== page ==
You’re Not Nike — Get Over It
"Our fundraising results have dropped since we put our new brand standards in place, but that's OK because the new brand so brilliantly articulates who we are as an organization."
— Marketing director at a nonprofit
Don't laugh. This is not satire. I've heard statements like this many times. Maybe you have, too.
According to some, communication rules that hurt fundraising effectiveness but make people in the organization feel good are perfectly OK. Call me old-fashioned, but I'd say anything you do with your communication that de-motivates donors from giving should be considered a failure. Silly me.
Once the brand people start positioning their failure as success, your organization is in deep trouble. You are on the top of a very steep and slippery slope that leads to crippling budget cuts — at best.
To be fair, we can be pretty sure the brand folks didn't set out to make your fundraising less effective. They fully expected the new brand to help. They worked hard on a good-faith effort to take your organization to the Promised Land.
The fact that their efforts didn't work is a devastating blow to them. How could their hard-won insights and the brilliant principles of corporate branding not work miracles? Their claim that organizational self-expression matters more than cause-supporting revenue is just a desperate rear-guard action to salvage not only their hard work, but their very sense of reality.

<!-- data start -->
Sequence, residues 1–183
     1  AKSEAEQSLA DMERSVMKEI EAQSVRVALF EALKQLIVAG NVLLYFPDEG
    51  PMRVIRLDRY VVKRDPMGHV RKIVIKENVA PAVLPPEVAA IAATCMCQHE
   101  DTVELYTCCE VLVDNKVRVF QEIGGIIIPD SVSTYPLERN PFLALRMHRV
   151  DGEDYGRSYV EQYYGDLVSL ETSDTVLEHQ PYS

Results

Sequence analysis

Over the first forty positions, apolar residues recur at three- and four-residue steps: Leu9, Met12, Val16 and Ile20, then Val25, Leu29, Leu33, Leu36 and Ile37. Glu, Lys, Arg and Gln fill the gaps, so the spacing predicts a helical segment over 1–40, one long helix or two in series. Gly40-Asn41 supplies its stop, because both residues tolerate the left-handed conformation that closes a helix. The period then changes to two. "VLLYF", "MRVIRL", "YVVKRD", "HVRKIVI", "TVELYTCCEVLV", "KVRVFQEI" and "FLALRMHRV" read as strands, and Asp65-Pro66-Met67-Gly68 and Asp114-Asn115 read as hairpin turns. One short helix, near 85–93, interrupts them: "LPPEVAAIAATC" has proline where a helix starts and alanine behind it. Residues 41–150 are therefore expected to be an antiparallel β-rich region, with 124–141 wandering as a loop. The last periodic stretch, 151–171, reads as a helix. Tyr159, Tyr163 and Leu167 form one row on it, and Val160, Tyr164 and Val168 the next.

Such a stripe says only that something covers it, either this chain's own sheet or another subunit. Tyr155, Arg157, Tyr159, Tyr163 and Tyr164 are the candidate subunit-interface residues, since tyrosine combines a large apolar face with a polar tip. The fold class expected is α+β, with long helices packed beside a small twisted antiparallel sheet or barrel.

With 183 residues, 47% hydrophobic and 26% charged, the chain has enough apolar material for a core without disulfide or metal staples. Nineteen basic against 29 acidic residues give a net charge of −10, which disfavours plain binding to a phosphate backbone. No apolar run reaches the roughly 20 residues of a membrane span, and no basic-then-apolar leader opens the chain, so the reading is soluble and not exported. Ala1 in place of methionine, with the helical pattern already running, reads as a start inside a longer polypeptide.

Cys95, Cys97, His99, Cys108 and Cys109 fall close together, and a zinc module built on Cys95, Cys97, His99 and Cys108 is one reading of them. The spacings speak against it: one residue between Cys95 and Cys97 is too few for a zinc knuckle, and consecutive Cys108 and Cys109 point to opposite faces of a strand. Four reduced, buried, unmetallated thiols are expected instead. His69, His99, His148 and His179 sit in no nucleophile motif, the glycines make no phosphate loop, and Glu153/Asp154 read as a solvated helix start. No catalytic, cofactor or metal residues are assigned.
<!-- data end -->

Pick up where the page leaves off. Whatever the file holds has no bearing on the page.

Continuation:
Trouble is, the entire branding exercise was destined to hurt fundraising revenue from the start. And not because they mucked it up: They may or may not have done that, but either way, corporate-style branding always hurts nonprofit fundraising.
That's right: Corporate-style branding backfires for nonprofits. No matter how well you do it. It simply chases away donors. You might as well mandate that every piece you send out has a big red label that says DONORS, GO AWAY!
This problem is built in to the very structure of corporate branding, which is about making (and, one would hope, keeping) compelling promises about products and services. There are two kinds of corporate brands:
● The old kind. Its message is, "Buy our stuff because we are great." This used to work when there were few choices and people were less cynical. When you had two kinds of soup to choose from, of course you bought the one that was made by the company you thought was the better one.
Here's why it doesn't work
With either, the customer ends up having direct experience with the product. He always gets the chance to decide whether it lived up to the promise.
If you pay Apple, you'll get an iPhone. You'll use that iPhone and quickly know whether your money was well-spent or not. When the brand and product are both good and well-aligned, the customer turns into a fan. When the promise isn't kept, the customer typically stops being a customer.
But the whole thing falls apart when you apply that logic to a nonprofit.
Here's why: When you hand your money over to a nonprofit, you get nothing tangible in return. There's no iPhone to play with. You simply have no way of knowing whether the brand kept its promise. Since you have nothing in your hand, you are bound to have a sense that the nonprofit brand didn't keep the promise.